Celebrating 50 years of working holidays

Working holidays at 50: Bob shifts barrow loads of gravel

As we celebrate 50 years of our working holiday programme, here are the stories from some of the people who have volunteered with us, while learning skills from our experts and meeting new people.

Katy goes back to where it all began

Katy Blanchard, assistant editor of the National Trust magazine, rolled up her sleeves and joined people who'd never met to repair a towpath at the Stratford Canal in Warwickshire – the site of our very first working holiday in 1967.  

'The accommodation has improved since then, and more attention is paid to health and safety (we’re wearing hi-vis vests to prove it), but our work, and our group’s motivation, echoes that holiday of 50 years ago.

'Our aim is to clear overgrown vegetation on the path, level the ground and lay gravel for a new path. It’s back-breaking work, but that’s deterring no one. The sense of common purpose has brought our group together, with people swapping jobs when tired and passing refreshments down the line.'

Katy (middle), Annie and Peter take a well-earned lunch break
Katy (middle), Annie and Peter take a well-earned lunch break

David's youth discovery holiday

David Spiller went to Ysbyty Ifan Estate in Conwy on a youth discovery holiday for 16–17 year olds.

He says: 'We spent three days clearing foliage to stop it smothering oak saplings, and uprooting invasive rhododendrons using mattocks, which are hand tools similar to pickaxes. We were allowed to go at our own pace, though I still woke up with aches in muscles I never knew I had.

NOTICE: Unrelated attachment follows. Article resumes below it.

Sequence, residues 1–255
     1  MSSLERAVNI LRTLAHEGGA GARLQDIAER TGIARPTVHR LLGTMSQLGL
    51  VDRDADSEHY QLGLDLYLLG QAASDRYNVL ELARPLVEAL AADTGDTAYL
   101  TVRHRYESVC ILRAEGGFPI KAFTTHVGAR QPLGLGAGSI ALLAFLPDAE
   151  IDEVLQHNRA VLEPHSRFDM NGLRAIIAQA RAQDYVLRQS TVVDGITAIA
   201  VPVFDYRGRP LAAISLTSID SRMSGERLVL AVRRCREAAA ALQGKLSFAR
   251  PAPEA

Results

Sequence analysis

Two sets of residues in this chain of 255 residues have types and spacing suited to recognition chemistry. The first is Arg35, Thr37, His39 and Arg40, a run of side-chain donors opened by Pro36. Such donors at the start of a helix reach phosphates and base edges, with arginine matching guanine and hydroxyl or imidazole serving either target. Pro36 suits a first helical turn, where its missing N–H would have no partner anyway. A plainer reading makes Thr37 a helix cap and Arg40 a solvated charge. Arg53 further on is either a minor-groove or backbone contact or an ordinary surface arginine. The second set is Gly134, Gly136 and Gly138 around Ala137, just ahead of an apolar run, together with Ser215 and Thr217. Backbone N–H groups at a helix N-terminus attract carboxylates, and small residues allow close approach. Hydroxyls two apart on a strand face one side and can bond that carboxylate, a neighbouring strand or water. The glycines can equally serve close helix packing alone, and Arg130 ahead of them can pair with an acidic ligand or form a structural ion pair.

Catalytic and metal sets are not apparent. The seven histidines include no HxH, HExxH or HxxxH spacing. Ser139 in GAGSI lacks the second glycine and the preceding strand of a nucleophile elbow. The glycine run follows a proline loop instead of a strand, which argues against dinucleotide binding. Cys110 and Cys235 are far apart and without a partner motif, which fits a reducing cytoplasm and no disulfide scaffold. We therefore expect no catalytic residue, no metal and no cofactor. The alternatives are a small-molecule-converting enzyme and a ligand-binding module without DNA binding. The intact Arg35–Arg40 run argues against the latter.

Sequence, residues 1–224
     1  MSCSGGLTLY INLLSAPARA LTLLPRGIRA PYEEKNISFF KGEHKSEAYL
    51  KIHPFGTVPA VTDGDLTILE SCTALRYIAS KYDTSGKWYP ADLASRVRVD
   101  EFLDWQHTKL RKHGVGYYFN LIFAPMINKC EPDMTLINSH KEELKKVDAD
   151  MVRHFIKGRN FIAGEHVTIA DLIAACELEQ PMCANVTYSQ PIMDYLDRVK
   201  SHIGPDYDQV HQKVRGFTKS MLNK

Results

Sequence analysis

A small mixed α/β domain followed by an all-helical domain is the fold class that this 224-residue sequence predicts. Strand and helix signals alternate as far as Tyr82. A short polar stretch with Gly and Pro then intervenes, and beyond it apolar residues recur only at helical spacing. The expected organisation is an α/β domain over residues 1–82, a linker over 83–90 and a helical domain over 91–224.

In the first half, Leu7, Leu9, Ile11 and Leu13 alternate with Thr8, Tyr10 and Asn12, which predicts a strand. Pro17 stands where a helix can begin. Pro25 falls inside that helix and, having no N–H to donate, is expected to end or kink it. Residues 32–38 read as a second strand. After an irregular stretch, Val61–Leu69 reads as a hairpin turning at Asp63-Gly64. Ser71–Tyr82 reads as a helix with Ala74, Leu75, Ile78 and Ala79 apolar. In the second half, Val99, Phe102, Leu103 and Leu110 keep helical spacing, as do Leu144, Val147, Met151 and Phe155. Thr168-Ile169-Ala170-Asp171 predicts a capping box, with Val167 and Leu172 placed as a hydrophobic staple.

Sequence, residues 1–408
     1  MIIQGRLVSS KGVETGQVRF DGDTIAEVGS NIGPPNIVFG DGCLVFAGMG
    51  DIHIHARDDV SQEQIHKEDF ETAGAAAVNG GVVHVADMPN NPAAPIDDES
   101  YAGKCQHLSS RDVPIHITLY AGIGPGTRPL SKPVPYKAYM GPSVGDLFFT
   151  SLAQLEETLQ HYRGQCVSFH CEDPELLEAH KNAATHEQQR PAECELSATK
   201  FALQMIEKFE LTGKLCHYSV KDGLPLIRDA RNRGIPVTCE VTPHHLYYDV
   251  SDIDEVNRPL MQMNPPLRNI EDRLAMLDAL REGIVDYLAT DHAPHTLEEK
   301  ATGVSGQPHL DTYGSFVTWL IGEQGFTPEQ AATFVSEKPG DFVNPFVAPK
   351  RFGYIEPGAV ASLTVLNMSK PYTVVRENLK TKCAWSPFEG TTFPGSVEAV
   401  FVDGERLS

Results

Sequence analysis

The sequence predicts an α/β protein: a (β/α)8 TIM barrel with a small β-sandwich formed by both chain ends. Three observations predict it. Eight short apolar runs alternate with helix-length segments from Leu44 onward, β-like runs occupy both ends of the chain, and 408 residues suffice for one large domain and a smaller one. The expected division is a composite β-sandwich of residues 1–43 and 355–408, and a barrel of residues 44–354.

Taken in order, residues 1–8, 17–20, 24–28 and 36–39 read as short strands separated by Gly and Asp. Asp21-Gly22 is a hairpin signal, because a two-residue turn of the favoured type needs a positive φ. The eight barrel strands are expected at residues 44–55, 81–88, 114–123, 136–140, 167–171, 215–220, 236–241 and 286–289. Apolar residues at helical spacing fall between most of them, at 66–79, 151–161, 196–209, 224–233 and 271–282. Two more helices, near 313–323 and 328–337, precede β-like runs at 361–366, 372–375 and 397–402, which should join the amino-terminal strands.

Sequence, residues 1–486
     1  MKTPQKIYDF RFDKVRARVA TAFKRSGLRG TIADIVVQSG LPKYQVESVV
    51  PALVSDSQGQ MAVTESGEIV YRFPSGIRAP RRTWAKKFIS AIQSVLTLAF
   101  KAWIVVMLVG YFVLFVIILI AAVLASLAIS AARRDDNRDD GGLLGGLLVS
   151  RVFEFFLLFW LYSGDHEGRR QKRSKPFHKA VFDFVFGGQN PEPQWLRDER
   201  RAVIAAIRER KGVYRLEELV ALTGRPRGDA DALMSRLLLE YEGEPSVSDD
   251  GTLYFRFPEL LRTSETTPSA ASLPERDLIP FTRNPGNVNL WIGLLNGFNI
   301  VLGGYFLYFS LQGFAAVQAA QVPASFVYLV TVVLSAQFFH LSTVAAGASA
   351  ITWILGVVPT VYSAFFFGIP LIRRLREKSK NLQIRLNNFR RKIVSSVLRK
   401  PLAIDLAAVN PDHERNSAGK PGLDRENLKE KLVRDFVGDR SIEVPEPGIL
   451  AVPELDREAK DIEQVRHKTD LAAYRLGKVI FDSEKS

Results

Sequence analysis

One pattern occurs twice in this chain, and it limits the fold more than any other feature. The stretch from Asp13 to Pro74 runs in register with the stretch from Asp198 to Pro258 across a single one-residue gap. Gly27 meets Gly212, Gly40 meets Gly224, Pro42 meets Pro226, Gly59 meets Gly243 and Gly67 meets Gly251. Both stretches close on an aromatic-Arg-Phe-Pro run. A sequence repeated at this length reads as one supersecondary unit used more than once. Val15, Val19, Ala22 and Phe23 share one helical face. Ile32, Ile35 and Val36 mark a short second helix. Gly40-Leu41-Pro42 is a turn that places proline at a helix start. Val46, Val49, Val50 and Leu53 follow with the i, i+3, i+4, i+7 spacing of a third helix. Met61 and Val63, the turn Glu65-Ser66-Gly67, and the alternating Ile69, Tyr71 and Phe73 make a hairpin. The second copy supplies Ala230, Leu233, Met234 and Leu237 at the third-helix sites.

'In the middle of the week we had a rest day, and on the last day we went caving, climbing and zip-lining in an abandoned mine. A youth discovery holiday develops your social confidence, and the fact that most people are doing it for the first time makes it less intimidating.'

Reuben and William's 'helping hands' holiday

Reuben Dunne and his father William went on their first ‘helping hands’ holiday, for adults with learning disabilities and their carers, at Wharfedale and Malham Tarn in Yorkshire. Reuben says: ‘Doing this holiday was even better than I expected. We did a lot of different activities including planting trees up on the moors in Wharfedale, pond-dipping and surveying, and helping out in the walled garden at Malham Tarn.

'Planting the trees was my highlight because of the sense of achievement. We had beautiful weather up on the moors.'

Volunteering

Dianne Lang has led more than 120 working holidays as a volunteer, repairing paths in remote High Wray, Cumbria, running family Halloween activities at Dinefwr, Carmarthenshire, and plenty more besides.  

'My first working holiday, in the Cotswolds, made great use of my drystone-walling skills. I didn’t travel too far from home in case I didn’t like it – but I stayed the whole week. Later, I was asked to be a working holiday leader, and have since led holidays all over the country.

'Recently, I led the first ‘Tracks and Trail’ working holiday on Exmoor, repairing footpaths on Baggy Point and doing 10–20km runs along the river valley and on coastal paths.'

This is an abridged version of an article that first appeared in the Autumn 2017 National Trust magazine.